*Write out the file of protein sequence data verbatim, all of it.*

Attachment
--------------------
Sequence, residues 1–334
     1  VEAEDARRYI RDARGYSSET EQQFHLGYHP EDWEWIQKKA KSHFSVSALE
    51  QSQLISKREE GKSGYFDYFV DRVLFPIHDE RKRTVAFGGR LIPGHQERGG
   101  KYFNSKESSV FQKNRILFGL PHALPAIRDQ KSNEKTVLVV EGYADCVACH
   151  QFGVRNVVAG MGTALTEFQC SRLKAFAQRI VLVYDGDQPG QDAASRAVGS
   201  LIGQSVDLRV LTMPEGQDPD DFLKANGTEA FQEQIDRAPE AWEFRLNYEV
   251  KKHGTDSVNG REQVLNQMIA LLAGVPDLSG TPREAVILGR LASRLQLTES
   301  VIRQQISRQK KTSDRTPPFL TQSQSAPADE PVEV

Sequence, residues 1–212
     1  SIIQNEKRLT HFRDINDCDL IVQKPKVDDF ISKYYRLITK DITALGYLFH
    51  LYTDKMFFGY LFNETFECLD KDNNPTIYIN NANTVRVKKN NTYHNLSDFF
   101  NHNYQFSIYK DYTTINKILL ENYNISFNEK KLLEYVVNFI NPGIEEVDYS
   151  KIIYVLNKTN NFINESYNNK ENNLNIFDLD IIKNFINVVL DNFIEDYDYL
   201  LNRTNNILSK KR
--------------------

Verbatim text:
Sequence, residues 1–334
     1  VEAEDARRYI RDARGYSSET EQQFHLGYHP EDWEWIQKKA KSHFSVSALE
    51  QSQLISKREE GKSGYFDYFV DRVLFPIHDE RKRTVAFGGR LIPGHQERGG
   101  KYFNSKESSV FQKNRILFGL PHALPAIRDQ KSNEKTVLVV EGYADCVACH
   151  QFGVRNVVAG MGTALTEFQC SRLKAFAQRI VLVYDGDQPG QDAASRAVGS
   201  LIGQSVDLRV LTMPEGQDPD DFLKANGTEA FQEQIDRAPE AWEFRLNYEV
   251  KKHGTDSVNG REQVLNQMIA LLAGVPDLSG TPREAVILGR LASRLQLTES
   301  VIRQQISRQK KTSDRTPPFL TQSQSAPADE PVEV

Sequence, residues 1–212
     1  SIIQNEKRLT HFRDINDCDL IVQKPKVDDF ISKYYRLITK DITALGYLFH
    51  LYTDKMFFGY LFNETFECLD KDNNPTIYIN NANTVRVKKN NTYHNLSDFF
   101  NHNYQFSIYK DYTTINKILL ENYNISFNEK KLLEYVVNFI NPGIEEVDYS
   151  KIIYVLNKTN NFINESYNNK ENNLNIFDLD IIKNFINVVL DNFIEDYDYL
   201  LNRTNNILSK KR